COVID-related deprivation killed off a fair number of film festivals and venues, a process that is not over yet. So it’s a particular pleasure to note that hot on the heels of the Sundance fest’s return to being an in-person event, the Bay Area’s closest equivalent—in terms of championing independent films and emerging filmmakers—is not just back, but celebrating a landmark. The 25th edition of SF IndieFest plays both on-site at the Roxie and “virtually” on your streaming device of choice this Thu/2 through February 12.
During that quarter-century span, it has spawned a number of more specialized spinoffs: SF DocFest, genre-oriented Another Hole in the Head, SF IndieShorts, and most recently SF Green Film Festival. IndieFest remains the mother ship, noted from the start for its uncategorizable diversity of programming. If there’s a “typical” selection, it might be a subversively angled US narrative from a first-time feature director. But it’s also typical in a way that this year’s opening and closing night films don’t fall into even that very general category at all, both being documentaries.
The official kickoff at 6:30 pm this Thursday is Chicory Wees’ Circus of the Scars, an “insider odyssey” portrait of the Jim Rose Circus Sideshow, which emerged fully pierced and on fire from the “modern primitives” culture of the early 1990s. This very “alternative” version of an old-time carnival freak show featured everything from yo-yo tricks and sword swallowing to considerably more gag-reflex-challenging acts. Its notoriety quickly lead to gigs at Lollapalooza, opening for Nine Inch Nails and Korn, getting variously arrested/banned by assorted guardians of public decency, et al. Needless to say, there’s been plenty of drama going on behind the scenes, too.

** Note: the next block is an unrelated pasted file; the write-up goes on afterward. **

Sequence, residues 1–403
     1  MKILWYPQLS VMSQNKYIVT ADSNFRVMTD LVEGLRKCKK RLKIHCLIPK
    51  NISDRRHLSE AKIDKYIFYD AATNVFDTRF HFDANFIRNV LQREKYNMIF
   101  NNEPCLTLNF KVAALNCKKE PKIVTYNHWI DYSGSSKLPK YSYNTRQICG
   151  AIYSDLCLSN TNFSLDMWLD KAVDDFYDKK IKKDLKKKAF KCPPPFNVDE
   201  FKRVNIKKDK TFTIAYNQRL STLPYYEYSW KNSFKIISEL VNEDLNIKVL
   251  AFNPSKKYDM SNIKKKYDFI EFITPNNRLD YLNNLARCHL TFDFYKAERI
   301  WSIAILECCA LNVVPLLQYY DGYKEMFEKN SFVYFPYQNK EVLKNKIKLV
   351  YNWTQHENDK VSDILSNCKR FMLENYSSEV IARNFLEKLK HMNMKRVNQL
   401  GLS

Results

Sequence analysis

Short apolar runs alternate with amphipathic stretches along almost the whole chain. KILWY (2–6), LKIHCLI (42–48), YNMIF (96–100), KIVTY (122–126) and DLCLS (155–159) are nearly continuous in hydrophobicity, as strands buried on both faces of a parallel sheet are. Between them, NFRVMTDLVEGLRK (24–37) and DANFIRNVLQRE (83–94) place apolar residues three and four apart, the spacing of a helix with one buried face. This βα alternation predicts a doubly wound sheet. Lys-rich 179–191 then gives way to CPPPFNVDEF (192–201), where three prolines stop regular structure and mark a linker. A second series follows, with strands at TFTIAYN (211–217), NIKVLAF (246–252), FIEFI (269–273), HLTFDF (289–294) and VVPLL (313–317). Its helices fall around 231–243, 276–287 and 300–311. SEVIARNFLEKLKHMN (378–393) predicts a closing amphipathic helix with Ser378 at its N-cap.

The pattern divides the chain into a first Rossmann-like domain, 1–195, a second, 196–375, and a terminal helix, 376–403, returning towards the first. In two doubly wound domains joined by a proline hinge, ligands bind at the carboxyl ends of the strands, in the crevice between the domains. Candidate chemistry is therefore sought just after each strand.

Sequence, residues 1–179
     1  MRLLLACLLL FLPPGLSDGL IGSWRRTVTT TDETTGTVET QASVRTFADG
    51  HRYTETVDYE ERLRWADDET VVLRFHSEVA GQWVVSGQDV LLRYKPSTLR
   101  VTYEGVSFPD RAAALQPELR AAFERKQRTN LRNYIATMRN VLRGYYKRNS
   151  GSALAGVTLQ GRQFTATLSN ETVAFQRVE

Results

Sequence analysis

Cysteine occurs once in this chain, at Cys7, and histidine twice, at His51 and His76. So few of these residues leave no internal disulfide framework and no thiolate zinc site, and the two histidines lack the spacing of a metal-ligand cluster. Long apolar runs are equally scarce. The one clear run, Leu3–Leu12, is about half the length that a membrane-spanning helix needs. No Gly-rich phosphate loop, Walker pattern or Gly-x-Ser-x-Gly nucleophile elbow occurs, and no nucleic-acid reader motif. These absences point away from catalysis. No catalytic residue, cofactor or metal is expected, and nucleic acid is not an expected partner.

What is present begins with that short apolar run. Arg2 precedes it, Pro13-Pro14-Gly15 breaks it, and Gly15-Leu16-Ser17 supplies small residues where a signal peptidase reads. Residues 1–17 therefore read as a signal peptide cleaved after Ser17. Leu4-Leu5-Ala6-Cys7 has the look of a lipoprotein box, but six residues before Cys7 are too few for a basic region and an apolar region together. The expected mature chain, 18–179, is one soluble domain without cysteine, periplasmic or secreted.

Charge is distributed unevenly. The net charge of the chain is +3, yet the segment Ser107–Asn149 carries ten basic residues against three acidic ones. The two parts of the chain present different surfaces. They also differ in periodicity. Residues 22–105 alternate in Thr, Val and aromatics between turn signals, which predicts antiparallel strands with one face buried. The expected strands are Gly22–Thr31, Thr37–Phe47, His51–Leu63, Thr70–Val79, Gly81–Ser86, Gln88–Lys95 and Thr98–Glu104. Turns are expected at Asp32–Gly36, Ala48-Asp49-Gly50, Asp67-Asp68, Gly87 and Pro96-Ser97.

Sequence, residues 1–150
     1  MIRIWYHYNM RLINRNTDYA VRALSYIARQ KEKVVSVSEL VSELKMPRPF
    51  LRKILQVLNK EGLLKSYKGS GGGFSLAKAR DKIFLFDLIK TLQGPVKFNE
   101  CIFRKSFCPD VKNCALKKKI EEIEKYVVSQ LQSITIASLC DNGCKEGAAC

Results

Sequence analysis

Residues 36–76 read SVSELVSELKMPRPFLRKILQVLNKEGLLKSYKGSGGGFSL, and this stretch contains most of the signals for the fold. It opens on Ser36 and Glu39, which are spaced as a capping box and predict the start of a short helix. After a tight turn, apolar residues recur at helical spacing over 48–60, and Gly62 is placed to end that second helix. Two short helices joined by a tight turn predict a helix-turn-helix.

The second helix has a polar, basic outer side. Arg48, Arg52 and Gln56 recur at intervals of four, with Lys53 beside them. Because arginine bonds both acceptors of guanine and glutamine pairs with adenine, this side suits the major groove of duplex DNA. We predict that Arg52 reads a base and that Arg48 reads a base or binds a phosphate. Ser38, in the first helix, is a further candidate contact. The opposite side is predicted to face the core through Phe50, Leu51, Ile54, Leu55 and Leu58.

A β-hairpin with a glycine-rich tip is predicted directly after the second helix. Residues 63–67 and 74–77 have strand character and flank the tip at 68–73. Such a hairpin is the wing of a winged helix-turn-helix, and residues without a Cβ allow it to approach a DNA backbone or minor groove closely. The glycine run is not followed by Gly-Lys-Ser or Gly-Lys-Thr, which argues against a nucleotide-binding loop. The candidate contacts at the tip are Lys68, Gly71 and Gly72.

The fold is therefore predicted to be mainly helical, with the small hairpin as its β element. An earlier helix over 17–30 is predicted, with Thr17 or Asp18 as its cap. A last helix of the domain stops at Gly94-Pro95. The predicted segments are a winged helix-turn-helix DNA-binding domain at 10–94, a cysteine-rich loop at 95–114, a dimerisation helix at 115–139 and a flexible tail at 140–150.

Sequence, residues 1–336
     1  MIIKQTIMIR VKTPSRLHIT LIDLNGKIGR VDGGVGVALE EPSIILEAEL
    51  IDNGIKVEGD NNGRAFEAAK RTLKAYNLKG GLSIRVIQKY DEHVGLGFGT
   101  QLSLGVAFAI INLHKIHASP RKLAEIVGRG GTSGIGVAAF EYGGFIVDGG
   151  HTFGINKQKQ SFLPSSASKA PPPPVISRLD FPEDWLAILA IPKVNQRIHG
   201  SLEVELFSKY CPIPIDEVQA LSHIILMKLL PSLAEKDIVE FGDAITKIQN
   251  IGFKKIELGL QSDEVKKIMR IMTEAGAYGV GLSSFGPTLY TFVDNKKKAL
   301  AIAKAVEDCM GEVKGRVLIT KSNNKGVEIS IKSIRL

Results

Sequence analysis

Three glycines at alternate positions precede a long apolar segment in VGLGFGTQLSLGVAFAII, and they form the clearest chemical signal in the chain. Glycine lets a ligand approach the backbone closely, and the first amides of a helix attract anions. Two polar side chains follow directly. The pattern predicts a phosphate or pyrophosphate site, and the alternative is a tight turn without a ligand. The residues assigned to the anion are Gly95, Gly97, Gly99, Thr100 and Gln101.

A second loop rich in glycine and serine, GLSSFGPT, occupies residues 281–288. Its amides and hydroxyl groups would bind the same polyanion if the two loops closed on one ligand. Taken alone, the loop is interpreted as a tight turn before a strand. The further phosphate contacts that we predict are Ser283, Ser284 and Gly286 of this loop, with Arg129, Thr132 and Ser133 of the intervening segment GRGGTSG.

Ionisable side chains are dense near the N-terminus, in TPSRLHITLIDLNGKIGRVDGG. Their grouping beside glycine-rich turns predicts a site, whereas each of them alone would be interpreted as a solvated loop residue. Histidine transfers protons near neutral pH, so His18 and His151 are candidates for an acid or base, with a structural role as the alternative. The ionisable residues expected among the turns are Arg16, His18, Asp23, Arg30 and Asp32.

The Roxie screening will be followed by an opening-night party featuring performances by such fabled Rose veterans as Matt “The Tube” Crowley, The Enigma a.k.a. Slug, and Zamora the Torture King, all specialists in treating their bodies as something very unlike a temple.